The Carver Theatre, now formally known as the Carver Performing Arts Center, is 470-seat Art Deco-style theater located at 1631 4th Avenue North in Birmingham's Civil Rights District. In its days as a movie theater, it was one of several places in the 4th Avenue area where African-Americans could see first-run movies while Birmingham's segregation laws restricted their patronage of other movie-houses in town. The Carver is now a non-profit multipurpose community theater and live-performance venue which seats 508. It is also the home of the Alabama Jazz Hall of Fame and the Birmingham Black Radio Museum.
The Carver, named after educator George Washington Carver, was opened in 1935. A $160,000 renovation in 1945 equipped the Carver with many new features, including 1,300 of the latest model theater chairs, air conditioning, and improved sound and projection, as reported by The Birmingham News. The Fourth Avenue area was a business and entertainment hub for the city's black community, and was also the location of many events in the American Civil Rights Movement.
As with most downtown theaters, the Carver's fortunes declined over the years. In later years, the theater showed pornographic movies, and the facility closed sometime in the early 1980s.
The City of Birmingham, seeking to improve the area where many events of the Civil Rights Movement took place, purchased the Carver in 1990 and remodeled it for live-performance use, with an eye toward remembering the Carver's place in the African-American community. The renovated auditorium had a capacity of 520. Since reopening, the Carver hosted performances by Duke Ellington, Lionel Hampton, the Tom Joyner syndicated radio show, and many others. A $240,000 project to enlarge the stage by closing the orchestra pit was planned in 2007 and completed, along with other repairs, in 2011.
On the morning of January 7, 2016 someone crashed through the theater's entrance doors with a Chevrolet Tahoe. Later that year, the Birmingham City Council approved $4.3 million on city funding for repairs and renovation of the facility.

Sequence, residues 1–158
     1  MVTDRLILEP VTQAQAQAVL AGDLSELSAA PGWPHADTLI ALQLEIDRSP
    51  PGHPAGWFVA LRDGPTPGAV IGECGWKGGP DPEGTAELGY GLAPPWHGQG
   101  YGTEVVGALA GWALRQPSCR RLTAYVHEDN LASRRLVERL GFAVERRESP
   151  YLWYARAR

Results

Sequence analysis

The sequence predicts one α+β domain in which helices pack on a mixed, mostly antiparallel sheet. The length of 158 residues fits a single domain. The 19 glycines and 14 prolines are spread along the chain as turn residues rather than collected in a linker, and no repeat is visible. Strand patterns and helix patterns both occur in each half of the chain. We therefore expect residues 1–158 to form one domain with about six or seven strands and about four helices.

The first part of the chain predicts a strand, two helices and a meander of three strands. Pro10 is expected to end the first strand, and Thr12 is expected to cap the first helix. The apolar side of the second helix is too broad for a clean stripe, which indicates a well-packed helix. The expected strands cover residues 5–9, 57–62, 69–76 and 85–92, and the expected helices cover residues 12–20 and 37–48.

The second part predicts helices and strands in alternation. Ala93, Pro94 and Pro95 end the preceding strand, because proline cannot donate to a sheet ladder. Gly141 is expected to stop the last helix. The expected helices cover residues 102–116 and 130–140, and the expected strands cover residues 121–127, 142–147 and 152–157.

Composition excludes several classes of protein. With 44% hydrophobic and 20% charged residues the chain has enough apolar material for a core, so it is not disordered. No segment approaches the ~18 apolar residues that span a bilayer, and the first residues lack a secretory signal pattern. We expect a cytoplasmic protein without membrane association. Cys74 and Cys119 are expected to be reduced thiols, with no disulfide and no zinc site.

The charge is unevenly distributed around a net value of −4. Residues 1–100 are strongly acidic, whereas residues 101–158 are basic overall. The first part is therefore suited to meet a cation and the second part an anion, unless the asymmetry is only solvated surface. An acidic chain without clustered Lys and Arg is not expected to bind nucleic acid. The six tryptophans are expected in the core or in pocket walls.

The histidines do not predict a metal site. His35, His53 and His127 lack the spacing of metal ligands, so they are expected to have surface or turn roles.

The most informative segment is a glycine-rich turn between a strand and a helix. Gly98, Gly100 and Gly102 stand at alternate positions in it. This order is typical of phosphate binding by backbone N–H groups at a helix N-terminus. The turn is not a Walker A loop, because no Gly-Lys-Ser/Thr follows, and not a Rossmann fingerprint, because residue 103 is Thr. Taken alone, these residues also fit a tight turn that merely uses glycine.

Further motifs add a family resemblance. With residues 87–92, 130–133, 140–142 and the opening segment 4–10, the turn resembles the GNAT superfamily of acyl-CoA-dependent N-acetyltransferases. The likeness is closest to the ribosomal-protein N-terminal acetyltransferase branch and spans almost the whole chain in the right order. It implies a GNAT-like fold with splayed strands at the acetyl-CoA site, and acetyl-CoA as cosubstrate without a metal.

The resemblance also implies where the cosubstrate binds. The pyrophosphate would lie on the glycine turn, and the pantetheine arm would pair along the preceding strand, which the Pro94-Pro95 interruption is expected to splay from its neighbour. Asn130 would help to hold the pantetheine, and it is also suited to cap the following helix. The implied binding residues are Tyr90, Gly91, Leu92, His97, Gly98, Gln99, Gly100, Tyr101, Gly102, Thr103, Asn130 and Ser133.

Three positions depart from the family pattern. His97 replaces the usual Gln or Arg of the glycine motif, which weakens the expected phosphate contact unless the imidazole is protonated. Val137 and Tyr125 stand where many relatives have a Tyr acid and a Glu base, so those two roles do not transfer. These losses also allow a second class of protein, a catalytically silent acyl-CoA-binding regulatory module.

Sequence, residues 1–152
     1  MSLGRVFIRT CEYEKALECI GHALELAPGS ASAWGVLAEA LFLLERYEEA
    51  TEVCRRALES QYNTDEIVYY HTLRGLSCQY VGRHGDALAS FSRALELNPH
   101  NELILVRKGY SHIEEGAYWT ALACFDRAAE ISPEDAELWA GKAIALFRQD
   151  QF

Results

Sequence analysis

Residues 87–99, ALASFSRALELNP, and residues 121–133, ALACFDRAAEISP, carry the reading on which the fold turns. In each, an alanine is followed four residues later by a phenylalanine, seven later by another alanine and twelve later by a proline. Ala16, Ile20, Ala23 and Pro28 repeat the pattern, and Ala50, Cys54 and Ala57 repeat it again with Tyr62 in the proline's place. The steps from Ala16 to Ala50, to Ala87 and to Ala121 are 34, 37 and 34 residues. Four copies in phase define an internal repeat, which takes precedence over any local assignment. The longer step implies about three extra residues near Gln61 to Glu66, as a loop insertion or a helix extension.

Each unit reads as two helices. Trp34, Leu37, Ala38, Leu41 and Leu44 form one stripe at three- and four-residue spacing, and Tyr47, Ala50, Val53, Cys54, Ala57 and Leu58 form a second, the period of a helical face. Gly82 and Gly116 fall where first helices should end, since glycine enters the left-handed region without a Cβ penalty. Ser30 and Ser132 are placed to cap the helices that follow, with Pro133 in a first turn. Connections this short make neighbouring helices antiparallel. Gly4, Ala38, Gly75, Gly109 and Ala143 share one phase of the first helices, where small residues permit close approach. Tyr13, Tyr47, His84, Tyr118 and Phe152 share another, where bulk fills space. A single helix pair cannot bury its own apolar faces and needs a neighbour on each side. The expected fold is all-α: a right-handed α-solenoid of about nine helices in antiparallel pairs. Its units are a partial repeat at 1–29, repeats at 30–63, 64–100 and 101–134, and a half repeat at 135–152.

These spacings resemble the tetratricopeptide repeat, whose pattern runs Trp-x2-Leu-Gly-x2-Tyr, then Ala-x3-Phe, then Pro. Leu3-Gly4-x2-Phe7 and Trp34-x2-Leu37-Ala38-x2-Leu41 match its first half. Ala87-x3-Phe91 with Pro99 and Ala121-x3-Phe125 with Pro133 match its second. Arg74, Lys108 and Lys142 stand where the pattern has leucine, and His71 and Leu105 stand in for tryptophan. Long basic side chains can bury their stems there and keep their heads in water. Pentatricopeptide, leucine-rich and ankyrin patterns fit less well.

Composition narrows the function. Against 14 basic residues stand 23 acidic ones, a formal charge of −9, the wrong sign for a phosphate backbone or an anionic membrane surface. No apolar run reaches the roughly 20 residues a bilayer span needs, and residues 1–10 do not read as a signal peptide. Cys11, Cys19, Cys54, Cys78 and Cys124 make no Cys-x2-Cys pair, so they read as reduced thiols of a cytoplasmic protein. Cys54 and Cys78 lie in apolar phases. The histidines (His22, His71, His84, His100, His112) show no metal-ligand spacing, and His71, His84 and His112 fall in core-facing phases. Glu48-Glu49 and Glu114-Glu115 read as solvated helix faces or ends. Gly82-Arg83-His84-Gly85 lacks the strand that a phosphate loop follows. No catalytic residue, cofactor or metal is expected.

In January 2018 the City Council approved a $164,000 contract for Montgomery Environmental Inc. to remove asbestos-containing materials from the historic building. Later contracts are expected to complete the restoration by the end of 2018. The main renovation work by Stone Building Company began in 2019. Upgrades included restoring the auditorium and outdoor marquee to their late 1940s appearance, and updating technical equipment for cinema screenings, concerts, stage productions and conference use. The front of the stage was brought forward to improve sightlines and expand backstage areas. Architect Creig Hoskins of Studio 2H Design oversaw that work. The Jazz Hall of Fame worked with Studio 2H and Method-1 to accommodate new exhibits, which were largely moved to the second floor to provide space for events on the ground floor. The lower level was remodeled for use by WAJH-FM ("Alabama Jazz Hall Radio") and the Birmingham Black Radio Museum. A grand re-opening is scheduled for March 2022.
- Edgemon, Erin (February 9, 2017) "Carver Theatre, a Birmingham cultural icon, may finally be restored." The Birmingham News
- Sznajderman, Michael (July 27, 2021) "Birmingham’s Carver Theatre: 'We're happy to say it's back'." Alabama NewsCenter